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Slack space, or the devil is in the details

When I told you in my previous email that the only way to successfully erase a file is to COMPLETELY overwrite it, I wasn’t just trying to be dramatic. A few months ago, my friend had mistakenly deleted some photos from her SD card, so I encouraged her to try out some data recovery software. She was very surprised to find not only the pictures that she’d deleted, but also some very old ones — including her parents’ holiday pictures from when they used the SD card with their own camera.

I mentioned before that when a file is deleted, the physical slot in which it is stored becomes free, and new data can be saved there. So it might be tempting to leave things to run their course and wait for the file to be overwritten by another. Don’t give in to that temptation — waiting is not enough. Here’s why:

  • It might take a lot of time — especially if your drive has a lot of storage
  • You will never have full certainty of where your data physically exists, so you won’t know if a sensitive file that you’ve deleted doesn’t still exist somewhere as a partial copy or a trace
  • If you’re planning to sell your used equipment or your company’s old machines, you won’t have time to wait until all sensitive data has been overwritten
  • Some sectors of your disc drive get damaged as you use them (their locations on the disk are mapped in a place called the G-list), and they become unwritable — as I mentioned before, the same principle goes for all flash memory drives. Naturally, you can’t overwrite data within an unwritable sector, but that doesn’t mean that you can’t read it — all you need is the right software
  • Waiting for your files to become naturally overwritten creates so-called slack spaces. According to the data recovery experts at Kroll Ontrack, almost 45% of data that can be read from a disk drive is data that exists within thoseslack spaces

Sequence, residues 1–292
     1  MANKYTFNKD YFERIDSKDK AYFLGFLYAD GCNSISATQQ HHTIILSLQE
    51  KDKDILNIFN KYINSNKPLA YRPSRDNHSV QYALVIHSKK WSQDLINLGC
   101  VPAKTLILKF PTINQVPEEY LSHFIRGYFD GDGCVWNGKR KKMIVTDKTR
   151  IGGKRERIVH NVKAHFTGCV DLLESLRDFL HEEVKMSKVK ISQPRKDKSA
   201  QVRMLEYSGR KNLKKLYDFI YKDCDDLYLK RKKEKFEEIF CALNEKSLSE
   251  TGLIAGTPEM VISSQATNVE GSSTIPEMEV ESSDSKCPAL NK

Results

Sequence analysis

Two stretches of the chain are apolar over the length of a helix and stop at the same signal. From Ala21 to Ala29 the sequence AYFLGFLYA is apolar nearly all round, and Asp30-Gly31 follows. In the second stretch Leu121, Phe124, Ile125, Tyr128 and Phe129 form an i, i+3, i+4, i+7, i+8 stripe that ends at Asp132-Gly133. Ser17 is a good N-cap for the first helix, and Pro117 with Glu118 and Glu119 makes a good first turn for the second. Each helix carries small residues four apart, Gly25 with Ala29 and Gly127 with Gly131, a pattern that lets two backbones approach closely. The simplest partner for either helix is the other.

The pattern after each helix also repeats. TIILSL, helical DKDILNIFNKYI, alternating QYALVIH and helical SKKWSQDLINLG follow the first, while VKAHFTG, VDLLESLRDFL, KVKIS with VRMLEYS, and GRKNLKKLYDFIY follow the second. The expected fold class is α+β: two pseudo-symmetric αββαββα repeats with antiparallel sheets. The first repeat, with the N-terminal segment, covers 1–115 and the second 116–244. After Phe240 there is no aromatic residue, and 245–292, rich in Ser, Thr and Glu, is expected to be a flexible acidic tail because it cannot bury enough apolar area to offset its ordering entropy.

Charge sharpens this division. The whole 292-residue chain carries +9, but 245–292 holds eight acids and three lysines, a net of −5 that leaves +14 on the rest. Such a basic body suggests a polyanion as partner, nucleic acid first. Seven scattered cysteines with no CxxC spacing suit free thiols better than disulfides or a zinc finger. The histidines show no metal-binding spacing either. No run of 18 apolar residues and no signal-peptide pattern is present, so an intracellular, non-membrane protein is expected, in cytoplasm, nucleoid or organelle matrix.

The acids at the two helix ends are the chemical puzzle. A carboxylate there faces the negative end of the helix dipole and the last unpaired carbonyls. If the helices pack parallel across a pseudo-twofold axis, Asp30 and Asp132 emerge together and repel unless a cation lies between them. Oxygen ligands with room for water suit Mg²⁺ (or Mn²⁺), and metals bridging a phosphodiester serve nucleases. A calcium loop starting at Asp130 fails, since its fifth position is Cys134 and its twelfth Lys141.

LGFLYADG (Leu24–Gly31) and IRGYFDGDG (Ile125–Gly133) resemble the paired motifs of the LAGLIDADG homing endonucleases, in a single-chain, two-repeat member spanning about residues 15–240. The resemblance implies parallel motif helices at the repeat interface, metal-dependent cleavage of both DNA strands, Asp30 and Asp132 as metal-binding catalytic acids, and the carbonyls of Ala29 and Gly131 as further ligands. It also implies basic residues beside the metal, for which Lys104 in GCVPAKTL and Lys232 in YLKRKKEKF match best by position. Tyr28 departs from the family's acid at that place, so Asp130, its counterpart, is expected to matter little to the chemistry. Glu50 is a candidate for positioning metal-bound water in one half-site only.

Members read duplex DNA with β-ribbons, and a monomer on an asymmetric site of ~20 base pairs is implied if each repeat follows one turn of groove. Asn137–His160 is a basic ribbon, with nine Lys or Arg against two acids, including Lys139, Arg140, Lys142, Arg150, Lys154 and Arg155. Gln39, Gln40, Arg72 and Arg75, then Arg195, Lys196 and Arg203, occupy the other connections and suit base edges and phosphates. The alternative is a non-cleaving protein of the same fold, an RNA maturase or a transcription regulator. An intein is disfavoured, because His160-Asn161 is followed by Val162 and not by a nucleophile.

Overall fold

What are slack spaces?

“The files on your hard drive are organised into clusters. Their sizes vary depending on the file system you use — for example, in NTFS clusters are usually 4kB. Each cluster can only belong to one file (but a file can utilise as many clusters as it needs). So if a file is 12kB, it will be stored in three clusters, and each of those clusters will be completely written with its data. If you then delete that file, and a new file of 9kB overwrites it, that file will also spread out over three clusters, but the third one of those will only have 1kB of its data overwritten. The remaining 3kB will create a slack space, which is a string of data from a previous file that hasn’t been overwritten and that still physically exists on the disc (and because the entire cluster is reserved for the new file, this data will not be overwritten for as long as this new file exists)”.

And so slack spaces create free disk space where traces of data about old user files continue to exist.

IMPORTANT: Data stored within slack spaces could be used to recover your logins and passwords, parts of your files, communications (for example your instant messenger archives) and many other traces that could lead to more interesting information about you. All it takes is a little know-how, some experience and the right tools (many of which are actually quite easy to use).

As you can see, it makes a lot of sense that the data security pros don’t just leave things be while crossing their fingers. Instead, they use their considerable arsenal of tools to take care of their data problems. Some of those tools are quite high calibre.

You’ll find out more about that next time.

See you soon!

P.S. As usual, any questions, doubts or comments about this series can be shared in the comment box below.

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